I spent the day in the studio a few days ago with some of my band. This set of sessions has been going on for a while and we came armed with a list of parts that needed to be recorded and edited which would keep us busy enough for the day. These days band members tend to be more often on different continents than in Leeds, our spiritual home. It means we have had to radically examine our ideas about what ‘band’ and creative process mean in practice. In educational lingo that equates to how we enact our team creativity! More on education in a minute, but first let me outline something about the process of writing and recording in a band.
We write our own material. The ‘we’ is interesting. One of us (usually not the drummer!) arrives at a rehearsal either with ‘a song’ or a musical idea to build upon. But we don’t arrive with all the parts worked out. We may use adjectives to describe the essence of the ideas we bring or describe how they feel, as we see it. Often this is by comparing the new idea to other songs. But at that point, the initiator hands their right over the new song to the band who will deconstruct and reconstruct the idea. It may go nowhere but, in my experience, you can create a gem from anything if you are in the right collective frame of mind. Let’s call that having ‘team flow’. So, for every song, a long process begins; one that involves everyone in a constant process of making decisions until, to everyone’s surprise, you have allowed the idea to come to its fruition – at least as far as the rehearsal room is concerned.
In this most recent set of sessions, unusually, one of the band has been caught up recording an album with his other (more successful) band and doing gigs. That left the remaining three of us with a quandary – can we stay productive without one of the team in the room to be part of that continuous discourse of decision making? Well, with his consent, we decided we would. In some respects, being down one person has made us considerably more decisive and productive. The band is very sociable and we tend to spend as much time in banter as in being productive. Time is also a lot more precious for us than it used to be in the ’80s when we were a Leeds ‘Indie’ band on the dole. So the ‘dynamic’ is different. On the other hand, we have found ourselves thinking about our missing friend, asking, “what would he think/do?” And this demonstrates a capacity for surrogate creativity, the implications for educational teamwork being about the capacity of a team to think collectively in a critical and reflective way as the team dynamic evolves. You have to consciously put yourself into that mode and it takes some experience to know this.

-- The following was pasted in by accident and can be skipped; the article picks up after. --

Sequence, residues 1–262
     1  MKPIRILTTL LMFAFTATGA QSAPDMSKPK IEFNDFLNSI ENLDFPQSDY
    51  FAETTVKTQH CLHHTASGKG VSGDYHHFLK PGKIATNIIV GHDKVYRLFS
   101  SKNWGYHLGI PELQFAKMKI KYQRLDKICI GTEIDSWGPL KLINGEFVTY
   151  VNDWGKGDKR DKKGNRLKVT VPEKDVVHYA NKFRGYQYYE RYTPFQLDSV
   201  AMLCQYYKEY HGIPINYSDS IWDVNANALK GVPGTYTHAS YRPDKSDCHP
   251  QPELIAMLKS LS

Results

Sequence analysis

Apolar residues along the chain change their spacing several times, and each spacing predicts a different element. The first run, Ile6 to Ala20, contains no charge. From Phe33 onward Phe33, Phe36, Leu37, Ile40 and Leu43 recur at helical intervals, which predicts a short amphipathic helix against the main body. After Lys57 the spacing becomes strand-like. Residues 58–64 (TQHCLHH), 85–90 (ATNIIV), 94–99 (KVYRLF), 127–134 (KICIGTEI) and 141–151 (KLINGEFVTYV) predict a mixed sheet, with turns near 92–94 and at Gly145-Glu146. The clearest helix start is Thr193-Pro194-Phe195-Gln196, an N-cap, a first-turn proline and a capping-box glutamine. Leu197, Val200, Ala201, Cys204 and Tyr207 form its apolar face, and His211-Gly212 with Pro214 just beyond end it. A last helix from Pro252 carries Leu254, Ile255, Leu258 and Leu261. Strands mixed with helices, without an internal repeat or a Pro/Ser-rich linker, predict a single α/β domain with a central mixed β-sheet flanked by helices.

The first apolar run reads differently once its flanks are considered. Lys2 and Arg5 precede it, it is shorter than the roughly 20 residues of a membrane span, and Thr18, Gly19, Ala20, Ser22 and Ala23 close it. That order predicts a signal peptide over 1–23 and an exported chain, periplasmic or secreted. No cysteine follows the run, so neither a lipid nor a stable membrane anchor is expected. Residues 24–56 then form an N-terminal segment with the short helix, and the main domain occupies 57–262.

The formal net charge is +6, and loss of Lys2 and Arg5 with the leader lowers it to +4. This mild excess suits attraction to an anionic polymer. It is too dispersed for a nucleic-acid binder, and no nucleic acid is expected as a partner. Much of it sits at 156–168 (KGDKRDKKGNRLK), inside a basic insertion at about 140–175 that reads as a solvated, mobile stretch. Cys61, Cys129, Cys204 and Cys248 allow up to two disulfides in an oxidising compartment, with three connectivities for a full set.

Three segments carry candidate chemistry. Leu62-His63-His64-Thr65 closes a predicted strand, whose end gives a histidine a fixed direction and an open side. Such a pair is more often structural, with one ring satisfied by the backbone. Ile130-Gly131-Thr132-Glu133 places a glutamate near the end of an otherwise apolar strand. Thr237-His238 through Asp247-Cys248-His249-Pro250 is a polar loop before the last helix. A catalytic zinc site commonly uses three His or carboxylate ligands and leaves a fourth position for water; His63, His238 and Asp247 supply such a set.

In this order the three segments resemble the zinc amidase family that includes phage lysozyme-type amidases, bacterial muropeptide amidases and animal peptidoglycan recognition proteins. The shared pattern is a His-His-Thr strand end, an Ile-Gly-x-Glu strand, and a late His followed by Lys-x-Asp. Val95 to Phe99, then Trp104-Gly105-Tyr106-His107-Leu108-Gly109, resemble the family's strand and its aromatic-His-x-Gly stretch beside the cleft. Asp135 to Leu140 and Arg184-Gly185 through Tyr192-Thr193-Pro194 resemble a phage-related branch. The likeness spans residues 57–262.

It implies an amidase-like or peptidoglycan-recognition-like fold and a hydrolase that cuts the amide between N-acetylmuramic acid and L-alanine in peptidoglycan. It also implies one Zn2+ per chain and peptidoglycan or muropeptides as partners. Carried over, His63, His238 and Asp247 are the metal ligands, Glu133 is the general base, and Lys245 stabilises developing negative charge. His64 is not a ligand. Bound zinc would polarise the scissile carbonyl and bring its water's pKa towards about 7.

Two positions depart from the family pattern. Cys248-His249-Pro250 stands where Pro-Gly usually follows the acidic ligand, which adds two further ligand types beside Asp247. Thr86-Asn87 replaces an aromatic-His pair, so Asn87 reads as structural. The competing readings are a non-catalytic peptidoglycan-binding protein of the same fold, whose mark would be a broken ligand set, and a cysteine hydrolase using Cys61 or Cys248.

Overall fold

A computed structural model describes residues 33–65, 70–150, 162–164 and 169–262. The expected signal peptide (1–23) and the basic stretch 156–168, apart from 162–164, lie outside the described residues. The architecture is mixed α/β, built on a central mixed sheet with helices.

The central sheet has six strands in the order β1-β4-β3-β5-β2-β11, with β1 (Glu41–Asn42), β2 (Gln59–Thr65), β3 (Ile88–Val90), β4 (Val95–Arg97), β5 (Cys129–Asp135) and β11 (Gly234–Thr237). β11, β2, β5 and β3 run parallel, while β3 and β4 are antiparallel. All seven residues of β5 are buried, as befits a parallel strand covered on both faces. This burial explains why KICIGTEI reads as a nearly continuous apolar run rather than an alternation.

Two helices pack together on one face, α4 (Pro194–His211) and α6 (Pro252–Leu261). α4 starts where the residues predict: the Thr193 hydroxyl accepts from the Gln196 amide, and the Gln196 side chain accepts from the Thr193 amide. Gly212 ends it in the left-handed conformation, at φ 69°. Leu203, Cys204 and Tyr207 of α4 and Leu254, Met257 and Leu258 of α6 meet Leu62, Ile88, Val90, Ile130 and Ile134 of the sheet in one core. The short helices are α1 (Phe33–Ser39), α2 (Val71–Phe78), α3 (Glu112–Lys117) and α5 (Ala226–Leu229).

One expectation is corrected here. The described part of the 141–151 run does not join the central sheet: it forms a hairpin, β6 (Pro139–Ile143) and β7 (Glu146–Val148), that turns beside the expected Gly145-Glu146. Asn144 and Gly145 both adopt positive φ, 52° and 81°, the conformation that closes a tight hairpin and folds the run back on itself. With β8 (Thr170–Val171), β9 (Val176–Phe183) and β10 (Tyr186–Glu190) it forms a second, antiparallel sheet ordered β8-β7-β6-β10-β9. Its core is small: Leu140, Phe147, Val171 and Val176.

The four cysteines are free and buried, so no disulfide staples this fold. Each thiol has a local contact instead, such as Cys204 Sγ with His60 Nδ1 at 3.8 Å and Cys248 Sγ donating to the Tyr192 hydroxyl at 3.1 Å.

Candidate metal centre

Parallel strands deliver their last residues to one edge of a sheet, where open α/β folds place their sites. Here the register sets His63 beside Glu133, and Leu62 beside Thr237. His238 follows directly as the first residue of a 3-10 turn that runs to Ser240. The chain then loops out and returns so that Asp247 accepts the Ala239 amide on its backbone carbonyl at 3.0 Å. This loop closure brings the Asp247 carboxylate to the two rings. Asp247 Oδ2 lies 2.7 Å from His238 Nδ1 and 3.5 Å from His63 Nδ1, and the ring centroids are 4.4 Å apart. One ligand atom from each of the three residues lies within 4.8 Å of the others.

Back to the studio, with the drummer now on tour too with another very successful band in America, we’re down to the two of us. This has never happened before in this band. Here we are working through our list of guitar parts, vocals, and more experimental additions like eBow, bottleneck guitar and hurdy gurdy ideas – the frivolous bits that can sometimes really make a song work. The two of us keep saying things like “I just want to try this idea…” Eventually we begin to think about our next day in the studio and how we will decide what to keep and where to take the tracks next. Well, the team remains in spirit even if half of its members can’t be there in person. Those who are there are tasked with making the team’s decisions, knowing that if they couldn’t be there, others would take on the team’s creative responsibility. There is a trust built around vision and design principles and those in the room need to bring both their personal experience and their commitment to the vision to bear.
At one point my fellow bandmate says he feels uneasy about making executive decisions. I know what he means. At this stage in the production we are making decisions that close down options and give the work its focus and character. But I realise that whoever is involved, the process of writing, arranging and producing a song can be understood quite simply as a continuous, intensive flow of individual and collective decision making in which you constantly respond to everything, from the nuanced to the structural. This goes for most team-based creative processes.
Being creative means being a responsive and imaginative decision maker. As someone who has always been in at least one band since the age of 13, I have always valued education as an opportunity for students to experience working creatively in groups – it’s a fantastic experience. While many students will have creative endeavours outside of the curriculum, group-based learning provides a structured environment to learn about being creatively responsible and effective in a structured way. To me, this is a key skill, the outcomes of which are valued in most situations.